In a comment on the forums of the podcast Ludology, designer Gil Hova said the following:
Gil Hova wrote:
I feel that there's a strong distinction between recreational and transformative games that will help us here. I think the two kinds of games work at cross purposes.
A transformative game is all about enlightening us on a certain topic and changing us in some way by playing it. A recreational game is all about flow and fiero. In other words, the purpose of a transformative game is to reflect the world; the purpose of a recreational game is to obliterate it.
And then also this:
I like to divide commercial recreational games into three categories: contests, puzzles, and worlds. It's very difficult to assign some significant external meaning to a contest and still have the contest be relevant. Contests can be only about themselves, so they have a very hard time reflecting the real world.
Since board games tend to be contests instead of puzzles or worlds, they have a very hard time carrying artistic meaning. Transformative designers therefore tend to work in genres with a lower barrier to entry, and in a game style that can more easily carry real-world meaning.
I’d like to respectfully disagree with Gil Hova. Though I like his typology and find it useful and illuminating, I don’t think it’s true that contests have a hard time carrying artistic meaning. I don’t find the distinction between recreational and transformative games as instructive – so many bridge the gap that I don’t know that the distinction really holds. The first that comes to mind is Twilight Struggle but the same is true about Dead of Winter, Tammany Hall and many many others. Almost any game with a theme really. Of course, much depends on how you understand “the purpose of a transformative game is to reflect the world” – and we can quibble about whether the purpose of Dead of Winter is to reflect the world or is it a by-product of what the game is doing, but in my opinion the only reason it places you in the extreme situation of a zombie apocalypse is that it’s a brilliant laboratory for revealing truths about human interactions in extreme conditions with a mixture of conflicting and joint interests. I use it in the classroom for exactly that reason. It might be true that the reason Isaac and Jon use it in Dead of Winter is because it’s fun for people and not because it ‘enlighten us on a certain topic and changes us in some way by playing it’ but enlightened we are, and also changed – whether we want it or not.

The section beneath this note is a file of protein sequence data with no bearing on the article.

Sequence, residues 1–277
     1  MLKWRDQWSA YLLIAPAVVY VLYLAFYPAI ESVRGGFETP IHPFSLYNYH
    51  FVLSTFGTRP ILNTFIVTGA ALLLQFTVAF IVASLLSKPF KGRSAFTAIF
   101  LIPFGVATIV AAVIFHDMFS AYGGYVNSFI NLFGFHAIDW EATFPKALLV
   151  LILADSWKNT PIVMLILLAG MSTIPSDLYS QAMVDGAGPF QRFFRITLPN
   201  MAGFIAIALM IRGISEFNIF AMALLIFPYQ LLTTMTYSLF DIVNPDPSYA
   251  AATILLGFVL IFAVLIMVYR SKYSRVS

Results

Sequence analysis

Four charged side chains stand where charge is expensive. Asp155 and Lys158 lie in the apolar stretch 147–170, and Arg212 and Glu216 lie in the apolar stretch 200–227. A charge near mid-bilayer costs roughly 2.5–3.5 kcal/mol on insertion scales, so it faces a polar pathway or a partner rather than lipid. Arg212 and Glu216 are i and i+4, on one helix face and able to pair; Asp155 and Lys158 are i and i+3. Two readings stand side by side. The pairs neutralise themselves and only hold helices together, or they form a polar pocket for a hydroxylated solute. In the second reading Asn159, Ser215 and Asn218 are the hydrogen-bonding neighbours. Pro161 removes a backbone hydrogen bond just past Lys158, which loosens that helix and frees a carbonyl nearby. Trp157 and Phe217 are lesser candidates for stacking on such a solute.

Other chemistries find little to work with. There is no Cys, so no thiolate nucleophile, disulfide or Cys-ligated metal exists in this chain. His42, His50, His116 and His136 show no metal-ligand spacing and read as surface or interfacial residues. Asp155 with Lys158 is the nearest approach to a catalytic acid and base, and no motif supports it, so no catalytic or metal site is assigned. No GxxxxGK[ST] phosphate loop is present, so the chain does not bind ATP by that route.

I’ve written it in greater length in response to the interview that Bruno Faidutti gave on this very find podcast – I think it’s a mistake to think that games (of the contest kind) are ‘too thin’ to carry an artistic meaning or that they are ‘just for fun’ and so we shouldn’t take it seriously even if they do. Any game with a theme has no choice but doing something to reflect the world. So unless you’re Red7 (I was expecting Mike to bring this one up in the safe, non-controversial games… though I’m sure someone will have an analysis of the power relations reflects in its abstract rainbow hierarchy), you will be saying something about the world. And I think designer should embrace it, not avoid it. And we should spend more time, as a community, thinking about the themes of our games.
I’m not going to say that every game has as deep a message as all others, and indeed it’s my point that many games have themes that weren’t really thought through (in other words, I think their artistic meaning is pretty poor), but even a tiny game like Love Letter sends a bunch of messages. Even my 7 year old niece had a bunch questions to ask about this game – why is the princess only receiving letters? Why can’t she send some of her own? Can she ask questions? Why can’t she just choose the one she wants? And so forth. This is clearly a case where the designer just took a stock cultural artifact off the shelf and applied it to the mechanics, and that’s totally fine. But in my opinion, you’re still responsible for the product that you produce even if you’ve used the tried and true cultural stories we all know and love. The point is: theme matters. Contests are not just about themselves when they have theme. And I much prefer the Batman Love Letter, not because I like Batman (I don't), but because the theme makes sense and fits the mechanics. I enjoy the game more that way.